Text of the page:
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Patients of Royal Papworth Hospital in Cambridge among first to receive pioneering ICD to treat abnormal heart rhythms





Two patients of Royal Papworth Hospital are among the first in Europe to receive a new type of implantable cardioverter-defibrillator (ICD) to treat abnormal heart rhythms.

John Shadlock, 48, from Newmarket, and Gemma Drabble, 39, from Nottinghamshire were given the ICDs as they are at increased risk of sudden cardiac arrest.

Dr Greg Mellor, consultant cardiologist at Royal Papworth Hospital NHS Foundation Trust, left
Dr Greg Mellor, consultant cardiologist at Royal Papworth Hospital NHS Foundation Trust, left

An ICD is a device about half the size of a mobile phone with wires leading to the heart. Usually implanted under the skin near the armpit or below the collarbone, it helps control the rhythm of the heart and delivers life-saving defibrillation. ICDs have been made famous in recent years due to high-profile cases such as Manchester United footballer Christian Eriksen and Luton Town captain Tom Lockyer.

John and Gemma received two of the first implants outside of European clinical trials of a pioneering extra-vascular ICD (EV-ICD), from Medtronic, which has wires behind the sternum, making it more effective and safer for patients who have fast heart rhythms.

The Aurora EV-ICD from Medtronic is implanted beneath the left armpit with the lead placed outside the heart and veins, under the breastbone. This potentially reduces the risk of injury to the vein or heart which could cause a life-threatening complication.
The Aurora EV-ICD from Medtronic is implanted beneath the left armpit with the lead placed outside the heart and veins, under the breastbone. This potentially reduces the risk of injury to the vein or heart which could cause a life-threatening complication.

It is the first major development in ICD technology in more than a decade.

Greg Mellor, consultant cardiologist and electrophysiologist at Cambridge’s Royal Papworth Hospital NHS Foundation Trust, said: “We are very pleased to be among the first centres in Europe to have successfully implanted the new Aurora EV-ICD system which will help to treat conditions where there is an increased risk of sudden cardiac arrest.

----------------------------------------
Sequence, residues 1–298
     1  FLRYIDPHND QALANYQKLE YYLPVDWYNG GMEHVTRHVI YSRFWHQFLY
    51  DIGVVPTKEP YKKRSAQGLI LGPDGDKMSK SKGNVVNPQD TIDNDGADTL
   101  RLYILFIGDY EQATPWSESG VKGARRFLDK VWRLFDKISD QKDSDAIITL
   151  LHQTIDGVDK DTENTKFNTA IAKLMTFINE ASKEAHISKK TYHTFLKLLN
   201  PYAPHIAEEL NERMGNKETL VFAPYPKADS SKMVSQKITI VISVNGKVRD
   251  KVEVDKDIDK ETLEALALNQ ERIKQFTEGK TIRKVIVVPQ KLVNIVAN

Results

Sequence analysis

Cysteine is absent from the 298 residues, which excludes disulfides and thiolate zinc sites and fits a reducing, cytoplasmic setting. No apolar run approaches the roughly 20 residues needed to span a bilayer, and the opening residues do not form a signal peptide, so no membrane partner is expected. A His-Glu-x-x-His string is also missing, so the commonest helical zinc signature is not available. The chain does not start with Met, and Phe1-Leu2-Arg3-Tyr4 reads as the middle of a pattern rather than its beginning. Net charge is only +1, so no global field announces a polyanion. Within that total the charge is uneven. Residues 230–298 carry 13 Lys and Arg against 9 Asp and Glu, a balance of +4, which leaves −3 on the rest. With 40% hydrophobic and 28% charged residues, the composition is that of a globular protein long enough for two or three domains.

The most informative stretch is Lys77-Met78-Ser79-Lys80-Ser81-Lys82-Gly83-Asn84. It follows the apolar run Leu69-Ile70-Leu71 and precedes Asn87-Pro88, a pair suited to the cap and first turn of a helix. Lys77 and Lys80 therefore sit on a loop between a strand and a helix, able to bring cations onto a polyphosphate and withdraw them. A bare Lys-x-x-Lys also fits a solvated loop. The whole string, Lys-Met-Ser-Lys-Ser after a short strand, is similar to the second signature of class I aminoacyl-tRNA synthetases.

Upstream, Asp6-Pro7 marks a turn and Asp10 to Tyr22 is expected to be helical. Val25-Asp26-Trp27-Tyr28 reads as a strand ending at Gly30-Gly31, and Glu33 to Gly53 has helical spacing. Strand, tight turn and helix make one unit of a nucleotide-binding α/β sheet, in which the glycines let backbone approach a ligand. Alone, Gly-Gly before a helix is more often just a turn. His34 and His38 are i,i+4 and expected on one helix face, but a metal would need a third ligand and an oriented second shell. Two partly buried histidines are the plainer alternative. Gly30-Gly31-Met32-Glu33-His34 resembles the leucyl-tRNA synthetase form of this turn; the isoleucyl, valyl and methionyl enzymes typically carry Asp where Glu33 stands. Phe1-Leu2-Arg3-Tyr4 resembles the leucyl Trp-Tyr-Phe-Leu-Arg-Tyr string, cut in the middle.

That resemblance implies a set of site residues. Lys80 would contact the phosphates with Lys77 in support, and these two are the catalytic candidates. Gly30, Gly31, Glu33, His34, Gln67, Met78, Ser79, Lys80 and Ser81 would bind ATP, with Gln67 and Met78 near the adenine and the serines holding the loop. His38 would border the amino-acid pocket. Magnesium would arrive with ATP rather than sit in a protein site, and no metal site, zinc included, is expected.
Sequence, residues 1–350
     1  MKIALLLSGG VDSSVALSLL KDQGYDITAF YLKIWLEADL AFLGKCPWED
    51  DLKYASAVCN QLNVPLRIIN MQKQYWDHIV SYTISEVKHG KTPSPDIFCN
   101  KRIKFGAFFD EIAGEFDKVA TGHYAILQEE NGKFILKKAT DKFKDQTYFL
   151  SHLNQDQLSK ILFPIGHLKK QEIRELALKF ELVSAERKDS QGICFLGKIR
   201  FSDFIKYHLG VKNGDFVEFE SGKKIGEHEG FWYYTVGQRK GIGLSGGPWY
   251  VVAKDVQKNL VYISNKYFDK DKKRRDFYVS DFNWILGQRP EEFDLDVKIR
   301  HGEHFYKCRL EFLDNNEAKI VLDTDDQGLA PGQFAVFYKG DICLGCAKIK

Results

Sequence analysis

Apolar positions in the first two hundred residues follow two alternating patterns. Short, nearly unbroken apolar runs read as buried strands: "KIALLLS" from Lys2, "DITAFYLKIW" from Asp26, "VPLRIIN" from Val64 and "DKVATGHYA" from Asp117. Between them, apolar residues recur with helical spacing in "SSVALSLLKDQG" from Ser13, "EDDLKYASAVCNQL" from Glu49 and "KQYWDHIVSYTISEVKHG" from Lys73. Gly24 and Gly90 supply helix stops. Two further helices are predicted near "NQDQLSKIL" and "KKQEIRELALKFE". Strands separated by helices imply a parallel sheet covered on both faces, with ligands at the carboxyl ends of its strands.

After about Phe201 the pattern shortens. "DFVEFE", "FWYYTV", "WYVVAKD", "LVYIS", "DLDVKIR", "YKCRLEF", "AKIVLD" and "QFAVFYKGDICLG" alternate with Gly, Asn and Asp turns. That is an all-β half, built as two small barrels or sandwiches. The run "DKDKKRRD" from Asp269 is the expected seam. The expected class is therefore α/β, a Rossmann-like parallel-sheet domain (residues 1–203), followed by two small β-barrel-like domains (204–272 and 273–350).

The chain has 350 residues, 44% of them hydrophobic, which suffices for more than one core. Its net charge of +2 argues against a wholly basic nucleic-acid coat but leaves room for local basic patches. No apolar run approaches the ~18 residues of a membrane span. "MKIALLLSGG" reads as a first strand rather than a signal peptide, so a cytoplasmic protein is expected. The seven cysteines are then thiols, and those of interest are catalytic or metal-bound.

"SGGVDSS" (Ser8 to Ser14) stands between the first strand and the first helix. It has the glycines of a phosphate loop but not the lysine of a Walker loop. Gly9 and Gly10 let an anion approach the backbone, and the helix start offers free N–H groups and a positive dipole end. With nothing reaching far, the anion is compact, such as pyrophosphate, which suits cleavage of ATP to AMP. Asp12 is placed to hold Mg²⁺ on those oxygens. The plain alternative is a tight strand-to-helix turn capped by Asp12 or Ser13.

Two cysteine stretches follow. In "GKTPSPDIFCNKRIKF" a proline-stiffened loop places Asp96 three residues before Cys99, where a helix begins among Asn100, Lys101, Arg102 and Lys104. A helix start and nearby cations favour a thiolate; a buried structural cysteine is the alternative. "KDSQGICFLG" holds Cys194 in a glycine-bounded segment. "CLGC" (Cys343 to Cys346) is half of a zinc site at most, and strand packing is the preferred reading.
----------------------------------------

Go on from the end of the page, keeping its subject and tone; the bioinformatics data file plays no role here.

The procedures took place in a catheter laboratory at Royal Papworth Hospital NHS Foundation Trust
The procedures took place in a catheter laboratory at Royal Papworth Hospital NHS Foundation Trust

“Defibrillators can help save lives for patients. This includes those who have survived a previous cardiac arrest or those with a heart condition where there is a substantial risk of cardiac arrest in the future.

“Traditional ICDs involve putting wires inside a patient’s heart and whilst these work effectively, there can be long-term complications associated with these, such as infection.

“With the Aurora EV-ICD, we place the lead outside the heart, but by positioning it under the patient’s sternum and closer to the heart it requires less energy.

“This means the smaller battery lasts several years longer and is also able to provide anti-tachycardia pacing which can be used to treat some fast heart rhythms without needing to shock the heart.”

Gemma Drabble, outside Royal Papworth Hospital
Gemma Drabble, outside Royal Papworth Hospital

Gemma, a mum of four young children, was diagnosed with heart failure in January 2023 and spent weeks at Royal Papworth Hospital, including five days in critical care.

Her condition was managed by medication by the Royal Papworth team, but was called at the start of 2024 by Dr Mellor to discuss the new EV-ICD device.

“Having the device won’t change my symptoms but knowing it is quietly working in the background to pace my heart properly, it provides me with assurance and more of a chance of watching my children grow up,” she said.

“In the long run, if mummy does get poorly, they’ll know this device could potentially save my life.”

John Shadlock, from Newmarket
John Shadlock, from Newmarket

John, who had a heart attack nine years ago, was referred to Royal Papworth in December 2023 suffering from a shortness of breath and was approached just a week later by Dr Mellor about having the new device implanted.

“I’ve lost too many friends to illness in the past, so I wanted to put my trust in Dr Mellor’s expertise and get it done,” said John.

Within days, John had the procedure and returned home after an overnight stay in a cardiology ward. He has since been recovering well.

“I’m really grateful for how quickly this has all happened,” he added.

Dr Greg Mellor, seventh from right, and catheter laboratory staff from Royal Papworth Hospital with representatives from Medtronic
Dr Greg Mellor, seventh from right, and catheter laboratory staff from Royal Papworth Hospital with representatives from Medtronic

Dr Mellor said: “Both patients have recovered well from their procedures and will now be able to lead an improved quality of life thanks to these devices.

“This is another great example of innovation here at Royal Papworth, thanks to collaborative work between Medtronic and our catheter laboratory, cardiology and day ward teams.”



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